The benefits and cost effectiveness of helicopter transport for severely injured patients is of continued debate. New research published in BioMed Central's open access journal Critical Care shows that for severe blunt trauma, patients transported by helicopter had a lower risk of death, compared to those transported by road.
In a multi-centre study, based in university hospitals across France, researchers compared initial patient status at the scene of the accident, with time taken to get to hospital, type of treatment received pre-admission, and to health at discharge, or after 30 days.
At first there seemed to be no difference in mortality between those transported by helicopter and those by road, however once the data had been adjusted for severity of injury the results became clear. Patients transported by helicopter stood a better chance of survival than those transported by road.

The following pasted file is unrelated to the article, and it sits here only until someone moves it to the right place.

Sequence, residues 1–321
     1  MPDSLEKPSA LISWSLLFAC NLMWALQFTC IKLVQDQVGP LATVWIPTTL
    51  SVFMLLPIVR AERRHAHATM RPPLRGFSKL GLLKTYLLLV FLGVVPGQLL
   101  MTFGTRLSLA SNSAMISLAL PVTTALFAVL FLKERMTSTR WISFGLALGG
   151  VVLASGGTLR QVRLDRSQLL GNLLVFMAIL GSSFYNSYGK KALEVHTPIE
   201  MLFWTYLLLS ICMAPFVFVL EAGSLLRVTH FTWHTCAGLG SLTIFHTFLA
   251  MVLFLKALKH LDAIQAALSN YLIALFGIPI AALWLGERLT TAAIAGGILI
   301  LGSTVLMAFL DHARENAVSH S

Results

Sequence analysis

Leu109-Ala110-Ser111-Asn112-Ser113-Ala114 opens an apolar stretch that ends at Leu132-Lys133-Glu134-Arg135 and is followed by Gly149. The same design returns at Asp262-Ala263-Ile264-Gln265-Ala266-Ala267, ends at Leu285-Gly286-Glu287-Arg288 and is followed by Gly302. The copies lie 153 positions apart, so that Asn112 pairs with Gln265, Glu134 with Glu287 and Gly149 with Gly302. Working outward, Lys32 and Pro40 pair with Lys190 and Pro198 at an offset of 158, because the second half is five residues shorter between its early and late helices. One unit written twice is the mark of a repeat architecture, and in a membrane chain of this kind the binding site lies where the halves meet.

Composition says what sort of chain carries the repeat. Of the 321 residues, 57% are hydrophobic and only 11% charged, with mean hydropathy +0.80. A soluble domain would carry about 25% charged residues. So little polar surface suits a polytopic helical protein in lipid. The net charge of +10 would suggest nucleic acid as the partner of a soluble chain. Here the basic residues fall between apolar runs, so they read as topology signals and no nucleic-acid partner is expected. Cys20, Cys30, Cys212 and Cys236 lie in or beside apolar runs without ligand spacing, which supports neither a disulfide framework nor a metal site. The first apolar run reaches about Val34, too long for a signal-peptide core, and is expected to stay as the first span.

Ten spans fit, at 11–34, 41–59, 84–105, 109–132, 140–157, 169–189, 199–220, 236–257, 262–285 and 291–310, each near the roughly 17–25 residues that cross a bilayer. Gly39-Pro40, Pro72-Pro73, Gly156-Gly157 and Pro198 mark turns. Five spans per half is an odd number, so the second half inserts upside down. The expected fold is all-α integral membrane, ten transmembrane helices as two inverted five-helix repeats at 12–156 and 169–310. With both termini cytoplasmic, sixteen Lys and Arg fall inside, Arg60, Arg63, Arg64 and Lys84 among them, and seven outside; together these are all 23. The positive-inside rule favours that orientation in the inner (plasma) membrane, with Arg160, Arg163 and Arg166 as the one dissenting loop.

Dr Thibaut Desmettre, who led this study, explained, "Transporting very ill patients is a balancing act. Overall it took longer for patients transported by helicopter to reach hospital and they tended to need more emergency care once admitted. On the other hand these patients were more intensively treated at the scene and en route than those transported by road-ambulance crews -- which might go some way towards explaining their improved chances of survival."
However the benefit seen could not all be attributed to the more aggressive therapy they received before, or after, they arrived at hospital. Dr Desmettre continued, "We were unable to measure the distance the patients travelled, nor where their accident occurred -- some accidents occur in places where road access is too difficult -- and what impact this had on severity of injury or choice of sending a helicopter crew." Helicopters are a costly and limited resource and unfortunately the benefit to patients has to evaluated in this light. However, for these patients, with the most severe injuries, transport by helicopter saves lives.
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